Rethinking forest partnerships and benefit sharing
This study, Rethinking forest partnerships and benefit sharing, uses an evidence-based approach to provide insights into developing and maintaining collaborative arrangements in the forest sector.
Forest-sector collaborative arrangements come in many forms. The local partner may be a community, an association, or a set of individual landholders. The outside partner may be a private organization or a government. The interest of the local partner may be production of income from the forest, security of access to land, increased labor or small business opportunities, protection of traditionally valued resources, or other values.
The interest of the outside partner may be similarly varied, from securing access to forest products, to obtaining the cooperation of the local community in the partner’s resource use, to securing a source of labor, to alleviation of rural poverty, to production of environmental services and management of risks. Establishing arrangements that effectively deliver sustainable forest management and benefit local communities is a challenge because of the range of participants, objectives, and scales of partnerships and benefit-sharing arrangements.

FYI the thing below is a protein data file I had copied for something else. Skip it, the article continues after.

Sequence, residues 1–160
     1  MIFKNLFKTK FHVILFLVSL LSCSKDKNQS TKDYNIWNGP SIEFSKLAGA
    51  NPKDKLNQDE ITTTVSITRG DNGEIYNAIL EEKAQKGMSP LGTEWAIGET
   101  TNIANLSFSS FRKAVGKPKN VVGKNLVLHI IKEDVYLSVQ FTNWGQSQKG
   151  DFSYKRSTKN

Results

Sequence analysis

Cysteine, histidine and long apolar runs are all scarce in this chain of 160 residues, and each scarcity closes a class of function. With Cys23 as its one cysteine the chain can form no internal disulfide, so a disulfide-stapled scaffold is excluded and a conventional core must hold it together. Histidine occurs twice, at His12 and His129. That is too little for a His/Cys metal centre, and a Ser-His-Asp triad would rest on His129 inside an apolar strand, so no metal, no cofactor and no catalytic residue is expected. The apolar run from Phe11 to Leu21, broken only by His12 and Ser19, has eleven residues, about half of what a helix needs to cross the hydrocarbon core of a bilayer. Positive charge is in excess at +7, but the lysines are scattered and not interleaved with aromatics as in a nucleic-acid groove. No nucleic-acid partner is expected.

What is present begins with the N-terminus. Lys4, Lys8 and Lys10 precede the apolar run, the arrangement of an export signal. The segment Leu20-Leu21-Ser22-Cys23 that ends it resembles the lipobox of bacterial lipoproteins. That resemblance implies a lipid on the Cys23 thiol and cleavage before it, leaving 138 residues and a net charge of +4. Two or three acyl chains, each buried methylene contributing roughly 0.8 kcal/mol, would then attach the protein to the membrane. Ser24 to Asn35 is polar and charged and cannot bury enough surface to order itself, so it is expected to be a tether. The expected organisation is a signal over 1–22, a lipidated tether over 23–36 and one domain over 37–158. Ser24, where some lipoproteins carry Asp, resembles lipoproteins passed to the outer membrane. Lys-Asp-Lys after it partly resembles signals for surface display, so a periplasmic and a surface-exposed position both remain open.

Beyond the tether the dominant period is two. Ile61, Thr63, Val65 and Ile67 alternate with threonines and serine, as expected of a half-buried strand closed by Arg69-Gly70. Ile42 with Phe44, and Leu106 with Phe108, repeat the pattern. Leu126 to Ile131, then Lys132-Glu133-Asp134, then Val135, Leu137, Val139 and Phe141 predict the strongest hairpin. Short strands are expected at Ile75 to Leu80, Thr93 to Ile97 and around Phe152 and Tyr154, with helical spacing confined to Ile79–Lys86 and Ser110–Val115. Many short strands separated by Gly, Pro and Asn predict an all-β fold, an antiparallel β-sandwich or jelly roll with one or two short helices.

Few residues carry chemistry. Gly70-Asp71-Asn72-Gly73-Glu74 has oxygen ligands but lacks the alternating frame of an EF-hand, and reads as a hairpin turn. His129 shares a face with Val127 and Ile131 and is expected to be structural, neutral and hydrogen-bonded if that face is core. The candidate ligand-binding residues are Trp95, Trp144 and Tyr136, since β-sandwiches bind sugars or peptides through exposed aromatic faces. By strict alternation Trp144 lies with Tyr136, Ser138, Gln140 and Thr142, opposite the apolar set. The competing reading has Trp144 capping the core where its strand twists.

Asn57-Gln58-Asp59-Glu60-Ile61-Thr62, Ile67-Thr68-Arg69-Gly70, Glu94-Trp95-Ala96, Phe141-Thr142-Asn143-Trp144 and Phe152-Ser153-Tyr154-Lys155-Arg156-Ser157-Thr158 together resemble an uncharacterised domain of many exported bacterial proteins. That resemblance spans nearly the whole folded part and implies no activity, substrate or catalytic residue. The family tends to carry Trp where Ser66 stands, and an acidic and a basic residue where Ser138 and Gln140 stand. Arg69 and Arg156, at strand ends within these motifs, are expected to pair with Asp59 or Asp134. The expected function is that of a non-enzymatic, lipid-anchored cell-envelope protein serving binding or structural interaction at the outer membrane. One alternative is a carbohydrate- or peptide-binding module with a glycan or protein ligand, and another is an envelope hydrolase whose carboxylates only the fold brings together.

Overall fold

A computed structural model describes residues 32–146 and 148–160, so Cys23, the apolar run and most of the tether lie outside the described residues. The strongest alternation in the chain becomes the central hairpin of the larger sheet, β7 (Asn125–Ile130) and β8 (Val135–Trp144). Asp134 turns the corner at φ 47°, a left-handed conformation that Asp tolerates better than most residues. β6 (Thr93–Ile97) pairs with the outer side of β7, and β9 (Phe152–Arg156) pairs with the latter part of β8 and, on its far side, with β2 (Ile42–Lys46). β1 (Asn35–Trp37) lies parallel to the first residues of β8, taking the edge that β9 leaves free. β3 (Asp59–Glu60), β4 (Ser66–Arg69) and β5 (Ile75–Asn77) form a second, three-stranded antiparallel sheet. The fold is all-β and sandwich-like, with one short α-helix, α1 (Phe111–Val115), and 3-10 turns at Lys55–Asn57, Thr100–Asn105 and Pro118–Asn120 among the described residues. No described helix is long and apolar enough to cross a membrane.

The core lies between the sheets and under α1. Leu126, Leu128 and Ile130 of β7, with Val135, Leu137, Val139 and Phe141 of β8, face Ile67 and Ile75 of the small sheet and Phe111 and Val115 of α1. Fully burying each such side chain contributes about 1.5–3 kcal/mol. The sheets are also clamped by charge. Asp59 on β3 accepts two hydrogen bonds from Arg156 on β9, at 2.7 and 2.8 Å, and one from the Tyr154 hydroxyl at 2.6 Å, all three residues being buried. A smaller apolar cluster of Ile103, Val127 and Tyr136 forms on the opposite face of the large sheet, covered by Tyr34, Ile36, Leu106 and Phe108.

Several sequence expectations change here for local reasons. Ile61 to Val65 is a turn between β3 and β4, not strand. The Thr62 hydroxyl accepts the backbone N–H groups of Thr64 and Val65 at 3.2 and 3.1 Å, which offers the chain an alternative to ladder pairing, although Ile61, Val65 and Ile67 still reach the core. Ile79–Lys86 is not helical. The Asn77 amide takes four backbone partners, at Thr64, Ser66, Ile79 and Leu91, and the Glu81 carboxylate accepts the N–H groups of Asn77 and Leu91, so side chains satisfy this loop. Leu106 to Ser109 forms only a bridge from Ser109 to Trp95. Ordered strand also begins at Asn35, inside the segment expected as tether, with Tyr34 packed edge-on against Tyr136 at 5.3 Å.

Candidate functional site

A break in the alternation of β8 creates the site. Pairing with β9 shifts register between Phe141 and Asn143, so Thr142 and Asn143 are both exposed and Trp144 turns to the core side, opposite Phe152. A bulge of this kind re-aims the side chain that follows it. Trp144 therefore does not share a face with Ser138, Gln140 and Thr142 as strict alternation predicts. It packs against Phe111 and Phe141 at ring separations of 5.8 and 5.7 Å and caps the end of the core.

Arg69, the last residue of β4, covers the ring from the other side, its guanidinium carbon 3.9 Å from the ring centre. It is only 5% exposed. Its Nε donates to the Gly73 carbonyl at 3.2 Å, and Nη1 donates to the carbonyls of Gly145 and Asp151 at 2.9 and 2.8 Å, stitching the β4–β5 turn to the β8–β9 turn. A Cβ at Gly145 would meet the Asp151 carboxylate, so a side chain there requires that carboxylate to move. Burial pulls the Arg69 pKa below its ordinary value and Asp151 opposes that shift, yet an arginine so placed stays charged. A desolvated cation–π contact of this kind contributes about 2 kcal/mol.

This study aims to inform discussions and approaches to forest partnership and benefit-sharing arrangements. It also offers guidance on how to implement key factors that influence contract-based forest partnerships and benefit-sharing arrangements.
Building on negotiation and dispute-resolution literature for the analytical framework, this study identifies factors and practices promoting the formation and maintenance of partnerships, and explains how the factors are influenced by context.
The results should be of interest to those promoting partnerships and developing benefit- sharing arrangements. This includes government, private sector, and nongovernmental organizations, development partners, and managers of forest programs offering payments for carbon sequestration and reduced emissions from deforestation and degradation (REDD).